Don't start me on cheaping out and shorting yourself on breaker spaces lol. But in this case, yeah, that makes sense. For instance that Siemens meter-main would be a good fit for that job, since you could use 6 of the 8 "micro-panel" spaces for the heater, and since you can only provision 50A more on that 200A half of the panel, just use one more 50A breaker and don't use the subfeed lugs. (because if you did, you'd need 200A -rated wire). Then power the house off the second main breaker. (which you could size 200A or 100A to suit).

I didn't want to go 400 amps on the house. The price of the meter socket, and wiring plus putting that heavy beast inside pvc, and then on the house was just more than I wanted to do.
Yeah, following the bog-standard "split into two 200A sub-services" concept, you'd run that as dual 4/0 runs in dual conduits. NOT a 500 kcmil monster.
 

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So the two panels need to have the grounds tied together?
Yeah, and this will happen by default if you use metal conduit to connect the panels. Don't even have to think about it.

In fact, put a few EMT conduit cross-connects between the two panels. They have all sorts of uses for passing through wires, but yeah, they also connect the grounds for you.
 

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Discussion Starter #18
The two panels are about 60 feet apart.

One is on the back of the house the other on the side.

Each panel will have a feed coming from the power company's pole/central meter. The power company will run the line drop to each panel.

Each panel will have an OVERHEAD feed. One panel is in pvc conduit not going through the roof. This panel has been approved passed inspection and is live at the moment. It is also a meter/main combo.

The other panel will go through the roof which is in metal conduit, and is only a panel no meter socket.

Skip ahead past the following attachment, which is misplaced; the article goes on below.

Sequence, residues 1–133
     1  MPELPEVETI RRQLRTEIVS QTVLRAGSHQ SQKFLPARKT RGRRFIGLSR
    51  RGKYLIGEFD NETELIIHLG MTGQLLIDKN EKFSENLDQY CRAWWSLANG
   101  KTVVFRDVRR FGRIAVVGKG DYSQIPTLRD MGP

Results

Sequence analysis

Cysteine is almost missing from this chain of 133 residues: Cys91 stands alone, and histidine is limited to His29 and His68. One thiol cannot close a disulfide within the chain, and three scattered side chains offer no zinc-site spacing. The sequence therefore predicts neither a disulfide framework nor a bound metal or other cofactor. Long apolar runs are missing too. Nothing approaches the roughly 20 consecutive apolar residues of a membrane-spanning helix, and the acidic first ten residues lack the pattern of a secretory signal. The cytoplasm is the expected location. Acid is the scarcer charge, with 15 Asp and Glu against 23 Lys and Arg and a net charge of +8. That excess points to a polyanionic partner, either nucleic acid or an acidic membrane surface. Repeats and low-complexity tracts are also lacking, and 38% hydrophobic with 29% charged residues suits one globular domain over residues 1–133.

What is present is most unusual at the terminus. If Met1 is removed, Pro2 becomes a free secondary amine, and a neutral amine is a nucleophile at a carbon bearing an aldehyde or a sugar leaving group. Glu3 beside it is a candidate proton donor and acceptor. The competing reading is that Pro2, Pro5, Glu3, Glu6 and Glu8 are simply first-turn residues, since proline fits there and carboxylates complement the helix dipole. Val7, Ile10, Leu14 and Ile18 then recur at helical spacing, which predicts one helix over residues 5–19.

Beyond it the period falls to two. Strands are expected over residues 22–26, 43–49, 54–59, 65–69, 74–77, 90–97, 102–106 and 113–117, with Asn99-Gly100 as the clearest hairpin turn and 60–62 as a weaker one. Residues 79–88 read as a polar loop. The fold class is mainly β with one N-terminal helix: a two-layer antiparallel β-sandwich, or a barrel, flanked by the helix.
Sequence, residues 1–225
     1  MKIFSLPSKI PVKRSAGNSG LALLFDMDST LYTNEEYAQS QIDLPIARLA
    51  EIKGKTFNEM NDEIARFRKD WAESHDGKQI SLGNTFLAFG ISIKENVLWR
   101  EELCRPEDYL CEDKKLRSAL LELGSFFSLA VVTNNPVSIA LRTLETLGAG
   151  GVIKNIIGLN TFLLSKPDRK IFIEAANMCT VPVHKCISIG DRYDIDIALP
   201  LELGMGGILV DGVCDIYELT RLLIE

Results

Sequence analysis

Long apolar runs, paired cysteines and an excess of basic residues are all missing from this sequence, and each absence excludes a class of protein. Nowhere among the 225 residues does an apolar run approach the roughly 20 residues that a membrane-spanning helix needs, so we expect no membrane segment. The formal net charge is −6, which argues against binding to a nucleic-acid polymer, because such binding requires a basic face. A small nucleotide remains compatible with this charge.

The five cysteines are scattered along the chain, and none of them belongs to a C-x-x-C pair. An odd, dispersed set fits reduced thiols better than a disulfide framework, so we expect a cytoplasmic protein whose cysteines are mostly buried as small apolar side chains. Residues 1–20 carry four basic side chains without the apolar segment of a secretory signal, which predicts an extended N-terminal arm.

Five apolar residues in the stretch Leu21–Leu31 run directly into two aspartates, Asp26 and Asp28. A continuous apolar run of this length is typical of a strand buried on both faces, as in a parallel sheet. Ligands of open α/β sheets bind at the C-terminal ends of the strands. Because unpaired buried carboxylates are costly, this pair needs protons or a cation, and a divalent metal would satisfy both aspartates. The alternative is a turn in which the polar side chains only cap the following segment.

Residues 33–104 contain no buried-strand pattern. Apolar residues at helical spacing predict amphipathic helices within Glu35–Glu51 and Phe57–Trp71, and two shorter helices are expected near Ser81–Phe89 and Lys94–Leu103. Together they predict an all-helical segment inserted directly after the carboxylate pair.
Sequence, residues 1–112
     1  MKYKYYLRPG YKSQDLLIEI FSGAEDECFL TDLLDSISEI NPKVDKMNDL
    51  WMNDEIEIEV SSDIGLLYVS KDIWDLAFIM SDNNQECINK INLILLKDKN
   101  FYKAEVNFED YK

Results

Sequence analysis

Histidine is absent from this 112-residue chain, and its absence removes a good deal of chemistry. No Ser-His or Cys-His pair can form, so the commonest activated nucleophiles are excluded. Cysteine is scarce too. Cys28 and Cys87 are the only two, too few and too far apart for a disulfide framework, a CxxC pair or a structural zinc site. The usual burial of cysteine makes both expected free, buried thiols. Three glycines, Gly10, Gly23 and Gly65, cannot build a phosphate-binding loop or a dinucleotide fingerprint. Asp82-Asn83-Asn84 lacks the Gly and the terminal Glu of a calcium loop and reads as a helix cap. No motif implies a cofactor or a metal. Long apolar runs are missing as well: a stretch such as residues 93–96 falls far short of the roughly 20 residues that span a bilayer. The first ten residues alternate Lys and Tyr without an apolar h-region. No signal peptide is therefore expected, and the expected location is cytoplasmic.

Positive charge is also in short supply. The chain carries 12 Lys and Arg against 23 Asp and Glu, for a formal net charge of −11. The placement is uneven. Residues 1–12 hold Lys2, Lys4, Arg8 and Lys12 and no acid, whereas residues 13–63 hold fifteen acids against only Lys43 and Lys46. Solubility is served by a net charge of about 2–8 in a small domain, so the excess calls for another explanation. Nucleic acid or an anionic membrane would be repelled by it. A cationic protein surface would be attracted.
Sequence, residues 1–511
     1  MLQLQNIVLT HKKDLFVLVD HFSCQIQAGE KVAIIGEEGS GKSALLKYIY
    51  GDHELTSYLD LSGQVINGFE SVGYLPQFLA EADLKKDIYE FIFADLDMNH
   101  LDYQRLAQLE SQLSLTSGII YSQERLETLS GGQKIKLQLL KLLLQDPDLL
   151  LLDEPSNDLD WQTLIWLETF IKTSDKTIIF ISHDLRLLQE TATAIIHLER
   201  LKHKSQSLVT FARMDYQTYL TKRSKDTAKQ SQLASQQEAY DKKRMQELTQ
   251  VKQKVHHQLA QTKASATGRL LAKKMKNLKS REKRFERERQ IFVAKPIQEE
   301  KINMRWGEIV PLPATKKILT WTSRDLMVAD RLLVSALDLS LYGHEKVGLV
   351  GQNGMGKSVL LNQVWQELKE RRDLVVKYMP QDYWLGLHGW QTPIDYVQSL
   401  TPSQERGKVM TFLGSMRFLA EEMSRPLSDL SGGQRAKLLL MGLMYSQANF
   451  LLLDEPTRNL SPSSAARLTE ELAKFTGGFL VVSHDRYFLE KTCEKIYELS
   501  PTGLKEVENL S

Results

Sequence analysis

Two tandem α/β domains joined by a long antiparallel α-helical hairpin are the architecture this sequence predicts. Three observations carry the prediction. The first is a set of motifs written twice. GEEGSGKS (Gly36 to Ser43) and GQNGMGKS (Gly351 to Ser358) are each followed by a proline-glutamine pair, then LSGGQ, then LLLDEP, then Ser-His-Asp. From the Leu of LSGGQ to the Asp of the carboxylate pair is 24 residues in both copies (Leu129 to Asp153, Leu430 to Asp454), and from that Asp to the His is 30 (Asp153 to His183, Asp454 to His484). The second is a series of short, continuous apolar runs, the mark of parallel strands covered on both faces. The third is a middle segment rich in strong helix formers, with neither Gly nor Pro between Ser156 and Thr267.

What is bugging me is this;

Since these panels will not be grounded to the central meter. I am assuming the power company will not run a separate ground in their overhead feed, but I could be mistaken perhaps they will.

Why does each panel need to be grounded to each other?

I don't mind grounding them to each other. It is not that hard to run a ground that far. I just don't understand why they need to be, but I am still a novice at best with this stuff.
 

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Ah OK, I was stuck on 2 panels adjacent. My bad.

The grounding point with your neutral-ground bond is supposed to be your "main panel", which is the first disconnect after the meter. Yeah, on a "farm pole" that means it's out standing in its field. Beyond this point, all wires are feeders, and they must be 4-wire with separate neutral and ground.

Further, any building other than the service building needs its own ground rod(s). The ground rods deal with natural electricity, the ground wires deal with fault current. Need em both.

The 2 panels don't need to be grounded to *each other* (my bad), but they both need to be tied into the building's Grounding Electrode System (i.e. the ground rods) - this will have the effect of grounding them to each other. Grounding and bonding are not the same thing, but they interact. It's a deep subject to say the least.



You said you'll have an overhead pole line carrying your feeder from the main panel to the two subs that are 60' apart at the house. That is fine, NEC has rules to cover that.

The snag is that if you hire the power company to do this, they will want to run a 3-wire drop because NESC says that's good enough for a *service*. They follow NESC all day and don't know anything about NEC. So you must be forceful that they run a 4-wire feeder (3 insulated conductors + 1 bare). They have it on the truck for 3-phase services.
 

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Don’t know your situation but around here, everything past the meter is the owner’s responsibility, including the installation from the meter to the structure. Perhaps your POCO is different.